Through social distancing, the shifting of the physical reality to the virtual world, has created the thirst to touch others. Perhaps no other pandemic has made human beings become driven to touch the emotional and physical health of others. And this touch has also been transcending and transmitting in other channels, noticeably the economic-embedded endeavours to see the economic health of the nation resonate in all areas and social levels of the Zimbabwean people.
The African fire, where our forefathers would strategise on life solutions, has been reluctantly dimming off, but with the hand of connection, it is being reignited. Perhaps in a more dynamic way. Perhaps in an unusual way, as, in our thirst, we meet up at strange wells. Perhaps in a slower but steady pace.
When the Covid-19 pandemic started, some people reluctantly threw their hands up, succumbing to the nature of the pandemic.
However, the social fibres in the African community and specifically Zimbabwe, remained intact and hardly becoming weaker in finding ways to deal with that crisis and reaching out to those in distant locations from our spheres of influence.
The stories we have seen, heard and experienced through social media are a demonstration of the peculiar and in some way extraordinary abilities of the human mind and heart.
The pandemic has repositioned the fire logs burning at the centre of our community fellowship as Zimbabweans. Finding solutions on the longevity of our economic, social and medical health and well-being will not be an easy task, lest we fall into the trap of complacency. The road of recovery may not be straightforward and transparent and things may turn out to be messy and unsympathetic.
We do not have to ignore the overarching rigidity of the political pandemics that have endured and scarred Zimbabwe and to a larger extent, Africa from the colonial times.
But one thing we owe ourselves and our children, is the confidence and the irrefutable notion that we are going to garner genuine non-partisan approaches for the sake of our nation and its health. Why? Because we are loaded with the diverse abilities to do so.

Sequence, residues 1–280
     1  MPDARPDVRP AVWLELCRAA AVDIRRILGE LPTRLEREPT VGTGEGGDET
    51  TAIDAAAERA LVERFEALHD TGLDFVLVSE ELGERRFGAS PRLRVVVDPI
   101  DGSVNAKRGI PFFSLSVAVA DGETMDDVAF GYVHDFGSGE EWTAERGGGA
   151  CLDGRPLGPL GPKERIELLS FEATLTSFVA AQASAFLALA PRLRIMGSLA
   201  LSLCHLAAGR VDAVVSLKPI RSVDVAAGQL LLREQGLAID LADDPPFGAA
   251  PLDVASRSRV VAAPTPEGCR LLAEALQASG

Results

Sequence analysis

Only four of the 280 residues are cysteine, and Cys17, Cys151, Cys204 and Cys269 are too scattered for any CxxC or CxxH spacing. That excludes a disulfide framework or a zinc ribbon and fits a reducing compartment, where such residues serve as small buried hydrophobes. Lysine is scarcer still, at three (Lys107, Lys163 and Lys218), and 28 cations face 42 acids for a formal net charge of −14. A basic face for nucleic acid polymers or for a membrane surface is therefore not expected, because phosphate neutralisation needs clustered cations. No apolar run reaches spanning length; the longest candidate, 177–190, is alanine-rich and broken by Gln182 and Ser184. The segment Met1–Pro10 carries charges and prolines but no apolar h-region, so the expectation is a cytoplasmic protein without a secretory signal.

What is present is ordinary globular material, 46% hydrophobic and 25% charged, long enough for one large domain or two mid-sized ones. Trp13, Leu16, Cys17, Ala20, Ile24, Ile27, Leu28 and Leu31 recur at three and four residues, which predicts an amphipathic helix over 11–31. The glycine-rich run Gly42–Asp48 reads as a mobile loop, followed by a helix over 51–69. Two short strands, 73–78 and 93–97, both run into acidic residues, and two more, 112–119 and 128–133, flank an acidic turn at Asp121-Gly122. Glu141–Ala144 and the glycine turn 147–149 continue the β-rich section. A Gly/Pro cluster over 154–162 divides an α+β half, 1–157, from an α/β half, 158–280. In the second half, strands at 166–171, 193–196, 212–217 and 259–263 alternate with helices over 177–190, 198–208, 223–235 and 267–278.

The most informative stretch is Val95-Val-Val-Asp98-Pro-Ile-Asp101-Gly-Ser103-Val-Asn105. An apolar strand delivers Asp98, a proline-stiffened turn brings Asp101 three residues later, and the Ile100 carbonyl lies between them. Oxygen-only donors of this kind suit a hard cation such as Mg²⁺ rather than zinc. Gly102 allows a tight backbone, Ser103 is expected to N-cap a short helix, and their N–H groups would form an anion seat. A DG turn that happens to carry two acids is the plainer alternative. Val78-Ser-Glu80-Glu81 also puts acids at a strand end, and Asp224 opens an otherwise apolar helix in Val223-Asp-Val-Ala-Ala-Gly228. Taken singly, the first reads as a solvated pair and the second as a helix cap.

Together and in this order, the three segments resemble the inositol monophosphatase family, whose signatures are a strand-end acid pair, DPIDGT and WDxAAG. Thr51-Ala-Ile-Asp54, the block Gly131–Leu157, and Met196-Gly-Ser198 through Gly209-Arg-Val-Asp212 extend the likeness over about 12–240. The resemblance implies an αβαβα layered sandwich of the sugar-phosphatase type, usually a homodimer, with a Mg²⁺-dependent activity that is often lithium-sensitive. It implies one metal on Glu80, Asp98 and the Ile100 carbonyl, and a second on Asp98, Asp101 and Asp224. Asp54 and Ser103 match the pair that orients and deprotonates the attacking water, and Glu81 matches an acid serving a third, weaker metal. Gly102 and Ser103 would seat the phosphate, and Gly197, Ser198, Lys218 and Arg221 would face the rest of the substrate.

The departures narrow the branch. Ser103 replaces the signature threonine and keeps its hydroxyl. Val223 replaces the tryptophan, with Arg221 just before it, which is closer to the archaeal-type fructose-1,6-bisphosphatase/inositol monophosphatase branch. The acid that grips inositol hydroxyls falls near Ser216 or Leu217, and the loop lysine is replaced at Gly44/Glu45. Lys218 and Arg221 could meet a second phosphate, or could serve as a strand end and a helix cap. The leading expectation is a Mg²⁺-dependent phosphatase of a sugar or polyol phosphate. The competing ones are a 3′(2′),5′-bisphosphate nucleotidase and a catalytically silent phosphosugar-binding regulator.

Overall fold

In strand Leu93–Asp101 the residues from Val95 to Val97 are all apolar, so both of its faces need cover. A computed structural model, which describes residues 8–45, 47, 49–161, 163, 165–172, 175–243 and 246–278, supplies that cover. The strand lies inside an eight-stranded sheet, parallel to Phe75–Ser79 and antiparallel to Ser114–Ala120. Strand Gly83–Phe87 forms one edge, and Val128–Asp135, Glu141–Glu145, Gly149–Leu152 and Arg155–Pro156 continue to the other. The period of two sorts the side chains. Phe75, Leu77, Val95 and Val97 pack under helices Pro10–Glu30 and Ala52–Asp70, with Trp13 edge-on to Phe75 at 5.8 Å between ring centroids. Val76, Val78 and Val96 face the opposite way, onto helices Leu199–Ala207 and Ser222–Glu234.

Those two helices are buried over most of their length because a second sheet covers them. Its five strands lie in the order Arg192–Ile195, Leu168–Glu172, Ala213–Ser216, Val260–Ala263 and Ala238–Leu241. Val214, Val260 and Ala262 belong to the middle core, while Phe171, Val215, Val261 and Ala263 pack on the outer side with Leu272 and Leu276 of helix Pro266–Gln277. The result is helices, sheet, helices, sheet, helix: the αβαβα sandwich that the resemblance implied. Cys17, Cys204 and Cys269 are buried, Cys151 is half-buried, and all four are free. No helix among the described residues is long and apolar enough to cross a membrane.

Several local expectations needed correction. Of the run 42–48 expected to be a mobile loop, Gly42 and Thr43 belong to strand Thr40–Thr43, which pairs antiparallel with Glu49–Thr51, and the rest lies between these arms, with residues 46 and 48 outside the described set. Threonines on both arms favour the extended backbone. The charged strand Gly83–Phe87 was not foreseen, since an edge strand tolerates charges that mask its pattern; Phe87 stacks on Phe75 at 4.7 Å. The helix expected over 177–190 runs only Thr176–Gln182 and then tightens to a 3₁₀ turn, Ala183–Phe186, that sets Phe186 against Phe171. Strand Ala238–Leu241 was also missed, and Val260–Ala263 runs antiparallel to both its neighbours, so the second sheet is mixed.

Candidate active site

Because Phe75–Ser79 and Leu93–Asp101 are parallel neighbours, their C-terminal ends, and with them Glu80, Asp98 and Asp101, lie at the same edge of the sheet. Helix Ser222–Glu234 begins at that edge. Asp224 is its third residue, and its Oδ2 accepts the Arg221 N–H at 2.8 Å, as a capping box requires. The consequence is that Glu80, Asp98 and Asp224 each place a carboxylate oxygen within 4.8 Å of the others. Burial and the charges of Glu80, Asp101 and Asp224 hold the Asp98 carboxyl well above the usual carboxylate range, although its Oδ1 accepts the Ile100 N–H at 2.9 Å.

Communicating and connecting with others will be the fibre to our endurance. Our hope and ambition is that we will assume the best in another human being next to us by all means possible. There could be moments when Covid-19 (or even before) might have violated the faith in ourselves. Such tragedy is non-excusable.
What is logical and wise is not to abandon trust in finding our own Zimbabwean solutions to health and economic matters. Economics and health are perhaps a formidable force that the pandemic has exposed to be a power not to be overlooked. An economically sound nation is a healthy society.
Health matters have often been blind spots, especially in the face of deception of the political qualms in Africa and the religious party lines and tribalistic challenges.
Covid-19 and its impact has brought us together to suffer the identical pain and heat and find remedy to the nature of life.
When the ashes of the fire of solutions have reignited, irrespective of the unexpected results, we as Zimbabweans could claim victory, lest we owe it to our children for not producing a decent and organic dance around the fire of hope.
Kapurura is a United Kingdom-based psychiatric practitioner, founder of Soundhealth services, with interest in training and development, trauma and music therapy. He is also a member of the Bame community of practice and a blogger for Mental Health ELF. These weekly New Perspectives articles are co-ordinated by Lovemore Kadenge, immediate past president of ZES. — firstname.lastname@example.org or mobile +263 772 382 852